Native Americans probably began migrating through the area as long ago as 10,000 years, and many camped here for short periods of time over the years, but the first sustained settlements were the large Seneca villages of the late 1500’s through the 1600’s. Since the Seneca abandoned and rebuilt their palisaded villages about every 15-20 years, they occupied a series of villages within present day Lima, each occupied by about 800 to 1000 people living in multifamily longhouses. Contact with Europeans traders and missionaries during this period precipitated significant changes in the traditional Seneca way of life.

Lima’s first non-native settlers came in 1788 — Revolutionary War veterans who were attracted by the excellence of the town’s soils and agricultural potential. The town grew rapidly throughout the first half of the 19th century, with the downtown village core becoming a thriving commercial center that supplied a diverse array of goods and services to an expanding population settling the surrounding countryside.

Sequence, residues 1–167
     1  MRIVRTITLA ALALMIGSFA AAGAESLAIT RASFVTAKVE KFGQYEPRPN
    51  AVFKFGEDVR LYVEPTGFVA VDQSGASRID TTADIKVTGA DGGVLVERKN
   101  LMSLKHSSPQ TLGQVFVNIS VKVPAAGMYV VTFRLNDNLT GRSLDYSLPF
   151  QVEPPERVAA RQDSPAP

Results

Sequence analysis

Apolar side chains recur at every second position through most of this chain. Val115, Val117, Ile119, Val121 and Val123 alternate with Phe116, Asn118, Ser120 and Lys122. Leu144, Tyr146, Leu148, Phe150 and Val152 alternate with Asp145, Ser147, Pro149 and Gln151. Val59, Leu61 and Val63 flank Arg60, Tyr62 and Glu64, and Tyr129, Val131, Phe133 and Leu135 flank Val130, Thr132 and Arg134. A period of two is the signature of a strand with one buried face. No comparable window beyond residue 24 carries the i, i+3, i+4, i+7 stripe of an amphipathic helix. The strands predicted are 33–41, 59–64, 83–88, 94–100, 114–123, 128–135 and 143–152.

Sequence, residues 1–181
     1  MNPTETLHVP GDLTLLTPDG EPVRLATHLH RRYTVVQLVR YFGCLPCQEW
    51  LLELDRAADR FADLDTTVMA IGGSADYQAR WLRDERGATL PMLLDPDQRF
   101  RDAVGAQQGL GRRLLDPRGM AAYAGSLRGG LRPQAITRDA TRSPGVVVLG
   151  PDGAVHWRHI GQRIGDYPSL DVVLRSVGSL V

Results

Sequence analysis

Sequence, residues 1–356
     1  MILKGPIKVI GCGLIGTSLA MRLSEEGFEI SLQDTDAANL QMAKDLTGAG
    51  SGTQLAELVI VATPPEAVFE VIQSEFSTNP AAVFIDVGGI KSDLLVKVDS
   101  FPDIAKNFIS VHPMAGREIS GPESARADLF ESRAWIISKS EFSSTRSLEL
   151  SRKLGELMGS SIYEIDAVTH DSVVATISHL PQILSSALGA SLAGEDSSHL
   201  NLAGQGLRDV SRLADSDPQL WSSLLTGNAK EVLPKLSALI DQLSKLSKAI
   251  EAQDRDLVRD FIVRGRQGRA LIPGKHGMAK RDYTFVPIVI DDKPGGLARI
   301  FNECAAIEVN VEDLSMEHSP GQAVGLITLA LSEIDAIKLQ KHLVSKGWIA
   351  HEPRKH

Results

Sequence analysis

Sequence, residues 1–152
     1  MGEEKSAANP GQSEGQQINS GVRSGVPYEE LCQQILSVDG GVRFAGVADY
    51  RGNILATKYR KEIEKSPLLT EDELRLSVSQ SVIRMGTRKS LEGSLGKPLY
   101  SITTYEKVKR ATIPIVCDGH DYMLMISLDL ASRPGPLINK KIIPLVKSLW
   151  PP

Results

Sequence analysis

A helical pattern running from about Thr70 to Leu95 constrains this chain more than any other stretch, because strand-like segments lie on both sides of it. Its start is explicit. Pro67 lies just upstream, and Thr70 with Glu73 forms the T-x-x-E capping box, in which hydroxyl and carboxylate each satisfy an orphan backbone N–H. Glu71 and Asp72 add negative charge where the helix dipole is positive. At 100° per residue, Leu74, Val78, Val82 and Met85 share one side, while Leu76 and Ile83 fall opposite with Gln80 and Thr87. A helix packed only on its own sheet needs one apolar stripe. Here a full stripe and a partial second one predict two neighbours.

During this time, Lima’s prosperous and public-spirited farmers and merchants built many fine commercial, residential, educational, and public buildings in the village, and were able to attract two prestigious academic institutions to the community — Genesee Wesleyan Seminary and Genesee College. Located at the intersection of the old State Road (Routes 5&20), and Route 15A, a main North/South crossroad, 19th century Lima became widely known as a vibrant and successful agricultural, commercial, and academic center—”the Crossroads of Western New York.”

During the mid to late 20th century, shifting patterns of highway usage, demography, occupation, and retail business severely altered the social and economic “landscape” in Lima. Many of the small businesses in the downtown center struggled for survival, and the commercial buildings that housed them began to deteriorate. Providing hope for potential rejuvenation, however, is the fact that a large number of the historic 19th century commercial structures in the village core still remain. That may be partially due to Lima’s geographic location and partly to the town’s history of public interest in historic preservation, as demonstrated by the designation of 58 Lima structures on the State and National Registers of Historic Places — 21 of which are located within the Lima Village Historic District, and the remainder in Lima’s Historic Preservation Overlay District.


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